2013 Chevrolet Equinox Road Test Review
One way to liven up a mainstream crossover is to give it more power, and Chevy has done just that with the 2013 Equinox by dropping an optional 3.6-liter V-6 under hood to replace last year's optional 3.0-liter mill.
That's the biggest change for 2013, although the Equinox also adds Chevy's MyLink infotainment system, an available sport suspension for models with 18- or 19-inch models, some new safety features, and some new convenience and entertainment features.
Not much changed, but that didn't stop us from taking a spin anyway. Duty calls.
Features & Prices
There are three trims on Equinox: LS, LT, and LTZ. In addition to MyLink, other available features include a power liftgate, a tilt/telescope steering wheel, OnStar, Bluetooth, a rear-seat entertainment system, navigation, an engine-block heater, a sunroof, leather seats, and more.
Pricing starts at $23,755, not including the $825 destination fee.
On the Road
In addition to the V-6, the base engine is a carryover 2.4-liter four-cylinder that generates 182 horsepower. We spent our time in the 3.6, which has 301 horsepower and 272 lb-ft of torque. Front-wheel-drive is standard and all-wheel-drive is optional with either engine.
The extra power (last year's 3.0-liter had 264 horsepower and 222 lb-ft of torque) is appreciated, as the Equinox lunges from the line in a manner that we're unaccustomed to from a small crossover.
Pleasant surprises continue on the country roads. The steering is lighter than we'd like, but not by much, and it's better weighted than some of the competition. Braking is only a bit above average, but it does the job. Body roll is muted in corners, and the handling is surprisingly competent. It doesn't look it, but the Equinox is actually engaging in the twisties.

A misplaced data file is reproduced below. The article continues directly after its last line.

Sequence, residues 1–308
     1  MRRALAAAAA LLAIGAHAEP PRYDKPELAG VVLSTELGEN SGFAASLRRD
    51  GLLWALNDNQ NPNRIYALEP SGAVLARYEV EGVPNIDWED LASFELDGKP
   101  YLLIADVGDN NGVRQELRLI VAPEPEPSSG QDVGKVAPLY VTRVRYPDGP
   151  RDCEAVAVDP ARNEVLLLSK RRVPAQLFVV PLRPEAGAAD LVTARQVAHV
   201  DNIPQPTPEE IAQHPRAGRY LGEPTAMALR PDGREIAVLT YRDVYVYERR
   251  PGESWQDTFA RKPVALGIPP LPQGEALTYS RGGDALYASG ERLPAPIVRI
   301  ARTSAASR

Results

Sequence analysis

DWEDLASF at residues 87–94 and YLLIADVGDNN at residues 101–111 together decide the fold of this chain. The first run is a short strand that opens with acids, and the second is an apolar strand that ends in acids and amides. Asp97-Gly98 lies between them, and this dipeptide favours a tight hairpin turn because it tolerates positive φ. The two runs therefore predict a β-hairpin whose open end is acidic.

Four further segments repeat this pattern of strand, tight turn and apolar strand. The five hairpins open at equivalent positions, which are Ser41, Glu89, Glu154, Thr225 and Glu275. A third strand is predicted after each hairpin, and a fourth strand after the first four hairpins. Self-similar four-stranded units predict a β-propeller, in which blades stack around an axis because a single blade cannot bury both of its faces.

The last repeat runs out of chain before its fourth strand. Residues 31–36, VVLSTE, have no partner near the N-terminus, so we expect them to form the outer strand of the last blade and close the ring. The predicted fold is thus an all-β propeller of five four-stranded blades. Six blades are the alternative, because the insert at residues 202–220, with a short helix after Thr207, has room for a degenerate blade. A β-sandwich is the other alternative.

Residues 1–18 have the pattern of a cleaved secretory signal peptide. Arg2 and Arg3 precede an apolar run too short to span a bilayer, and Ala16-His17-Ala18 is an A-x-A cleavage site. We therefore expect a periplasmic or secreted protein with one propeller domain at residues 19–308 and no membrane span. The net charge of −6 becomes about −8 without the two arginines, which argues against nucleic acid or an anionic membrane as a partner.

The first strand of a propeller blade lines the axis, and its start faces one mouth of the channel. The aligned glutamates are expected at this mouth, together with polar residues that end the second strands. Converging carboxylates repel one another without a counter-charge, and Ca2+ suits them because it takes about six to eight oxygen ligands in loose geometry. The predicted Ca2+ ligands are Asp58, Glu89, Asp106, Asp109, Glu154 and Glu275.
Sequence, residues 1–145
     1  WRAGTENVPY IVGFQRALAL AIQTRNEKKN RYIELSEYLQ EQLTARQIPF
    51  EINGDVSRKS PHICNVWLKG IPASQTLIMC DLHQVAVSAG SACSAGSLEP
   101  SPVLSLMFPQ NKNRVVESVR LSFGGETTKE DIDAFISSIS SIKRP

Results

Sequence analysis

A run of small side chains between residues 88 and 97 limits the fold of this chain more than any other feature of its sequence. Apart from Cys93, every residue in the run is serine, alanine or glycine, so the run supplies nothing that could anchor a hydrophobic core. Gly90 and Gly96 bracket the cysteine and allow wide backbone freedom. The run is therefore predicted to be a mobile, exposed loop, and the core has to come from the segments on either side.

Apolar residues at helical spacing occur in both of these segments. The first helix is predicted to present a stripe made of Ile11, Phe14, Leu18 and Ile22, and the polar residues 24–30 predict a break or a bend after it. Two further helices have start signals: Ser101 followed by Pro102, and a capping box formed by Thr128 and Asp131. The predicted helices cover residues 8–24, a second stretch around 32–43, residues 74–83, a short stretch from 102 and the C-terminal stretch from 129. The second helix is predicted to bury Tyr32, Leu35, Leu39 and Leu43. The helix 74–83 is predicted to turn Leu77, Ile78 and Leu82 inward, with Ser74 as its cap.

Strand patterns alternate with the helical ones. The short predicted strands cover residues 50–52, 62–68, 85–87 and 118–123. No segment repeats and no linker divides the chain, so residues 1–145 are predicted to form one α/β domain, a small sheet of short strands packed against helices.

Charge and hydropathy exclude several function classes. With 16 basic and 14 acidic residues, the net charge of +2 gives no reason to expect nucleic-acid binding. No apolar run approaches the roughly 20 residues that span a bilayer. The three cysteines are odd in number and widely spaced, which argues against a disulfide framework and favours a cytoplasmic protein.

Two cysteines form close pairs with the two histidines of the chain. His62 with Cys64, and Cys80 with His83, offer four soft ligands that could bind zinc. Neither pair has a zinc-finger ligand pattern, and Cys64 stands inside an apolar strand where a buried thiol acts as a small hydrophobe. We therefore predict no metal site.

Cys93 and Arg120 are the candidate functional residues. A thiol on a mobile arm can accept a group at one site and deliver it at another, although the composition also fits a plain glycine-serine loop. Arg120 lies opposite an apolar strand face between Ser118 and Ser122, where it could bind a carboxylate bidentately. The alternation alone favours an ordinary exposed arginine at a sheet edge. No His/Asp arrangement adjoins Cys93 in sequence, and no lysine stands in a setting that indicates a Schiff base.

Stick to the highway, and the ride is well balanced between sport and comfort.
The styling is virtually unchanged, which is fine with us, since the Equinox is a handsome little crossover. Buyers who want a more "macho" look can opt for its platform-mate, the GMC Terrain.
We like the cabin materials and overall design, but we couldn't help but notice both wind and tire noise during our drive.
Headroom and legroom pose no problems, either up front or in back.
Safety & Fuel Economy
The Equinox comes equipped with the usual complement of airbags and suite of safety goodies, such as ABS and traction control. Fuel economy is rated at 22/32 for four-cylinder front-wheel-drive models (20/29 with AWD) and 17/24 for front-wheel-drive V-6s (16/23 AWD).
There's no doubt that for fuel economy, the four-cylinder is the better choice, at least based on the numbers and our previous experience. For those who like sporty driving or have a need to tow (the V-6 tows 3,500 lbs vs the four-cylinder's 1500 lb capacity), the V-6 makes a solid case.
Overall, the Equinox continues to impress as a well-balanced compact crossover. It's not as fun to drive as its Ford Escape rival, nor does it have that car's runway model looks. But no matter. The Equinox does its job well, and the shot in the arm provided by the V-6 makes it that much more appealing.
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